We need to treat broadband like a utility - President Kagame
President Paul Kagame speaking at the official closure of the two-day ‘Smart Rwanda Days’ forum held under the theme, Digitising Rwanda, in Kigali stressed that “We need to treat broadband like a utility we should avail and make affordable to as many people as we can.”
Rwanda hosts the second edition of SMART Days Rwanda as the country prepares to embark on the last five years of the 2020 vision and re-doubles efforts to achieve the transformation into a knowledge-based economy and society. The gathering aims at stimulating the debate on how Rwanda and Africa at large can leverage ICT to accelerate economic growth and competitiveness.
President Kagame has said that digital innovation has leveled the playing field, making it easy for anyone from anywhere can compete in the global economy. Speaking at an interactive session during the conclusion of the Smart Rwanda conference, President Kagame said digital innovation means ideas do not have borders and therefore countries cannot be landlocked : “We are making good progress. We should not take things for granted, we should continue working hard. Our thinking is about crossing borders while benefiting others and from others. We may act Rwandan but we think Africa and beyond.”
The Secretary General of International Telecommunication Union (ITU), Dr Hamadoun Toure, echoed Kagame’s remarks on the progress made in recent years in ICT, saying that Africa was catching up with the rest of the world and that the next step would be building a knowledge-based society.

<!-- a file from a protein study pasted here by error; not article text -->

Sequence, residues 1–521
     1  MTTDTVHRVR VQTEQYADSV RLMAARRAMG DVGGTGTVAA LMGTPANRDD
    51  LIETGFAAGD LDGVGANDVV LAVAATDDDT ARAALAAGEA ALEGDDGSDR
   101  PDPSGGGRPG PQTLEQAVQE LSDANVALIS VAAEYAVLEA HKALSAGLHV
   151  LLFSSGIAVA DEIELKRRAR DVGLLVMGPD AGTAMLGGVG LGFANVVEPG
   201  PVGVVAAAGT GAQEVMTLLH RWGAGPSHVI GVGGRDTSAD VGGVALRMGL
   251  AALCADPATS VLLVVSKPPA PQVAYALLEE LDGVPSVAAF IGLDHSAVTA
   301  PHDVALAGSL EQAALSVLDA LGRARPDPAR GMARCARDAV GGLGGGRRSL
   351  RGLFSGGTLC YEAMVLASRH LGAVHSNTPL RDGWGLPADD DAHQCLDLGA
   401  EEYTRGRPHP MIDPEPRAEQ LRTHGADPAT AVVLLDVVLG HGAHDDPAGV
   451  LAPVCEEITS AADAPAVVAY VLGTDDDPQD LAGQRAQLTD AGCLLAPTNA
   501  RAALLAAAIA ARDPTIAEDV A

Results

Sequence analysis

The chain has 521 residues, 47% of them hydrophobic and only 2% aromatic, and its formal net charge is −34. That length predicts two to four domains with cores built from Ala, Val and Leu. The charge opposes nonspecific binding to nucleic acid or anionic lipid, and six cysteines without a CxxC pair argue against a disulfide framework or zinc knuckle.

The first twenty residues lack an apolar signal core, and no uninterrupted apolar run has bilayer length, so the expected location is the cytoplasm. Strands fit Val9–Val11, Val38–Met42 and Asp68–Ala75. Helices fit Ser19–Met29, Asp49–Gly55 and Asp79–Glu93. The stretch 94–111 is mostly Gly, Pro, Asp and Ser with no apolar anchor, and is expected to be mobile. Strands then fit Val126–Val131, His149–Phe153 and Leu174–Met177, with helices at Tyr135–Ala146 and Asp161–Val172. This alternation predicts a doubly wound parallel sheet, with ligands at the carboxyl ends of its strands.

Toure, whose time at the helm of the UN agency ends later this year, said that during his two terms he had seen the continent transform in numerous ways thanks to ICT.
“We have the right resources, the younger generation who we believe in, and a framework that was established and detailed in the Smart Africa Manifesto,” Toure said.
Minister Nsengimana highlighted the importance of ICT in boosting the national GDP.
In Rwanda, ICT contribution to GDP during the last two quarters stood at 2%, ahead of agriculture and mining. In terms of foreign direct investments, the ICT sector has worked as a magnet, attracting 45% of the total in-flows which is more than the next 5 sectors combined, including trade, financial sector, mining and manufacturing. A recent study revealed that ICT contributes 3.7% in advanced economies whereas in Africa, ICT contribution to GDP is at a growing 1.1% on average.
President Kagame emphasized that broadband should be treated like a utility that should be availed and made affordable to as many people as possible and that Rwanda was looking for ways to increase affordability and ensure benefits.
Encouraging young people to take up entrepreneurial roles in the field on digital innovation, President Kagame said : “An entrepreneur is one that does not alleviate poverty but creates wealth because alleviating poverty is like treating a patient who stays in a condition between critical and death. There is a saying that this is Africa’s century. The question is why wasn’t last century Africa’s century ? I believe it has always been Africa’s day. It’s up to Africans to seize the day and make our aspirations a reality.”
President Kagame concluded by paying tribute to Dr Hamadoun I. Touré, who will soon be coming to the conclusion of his tenure, for his work as ITU Secretary General : “You have made every African proud”.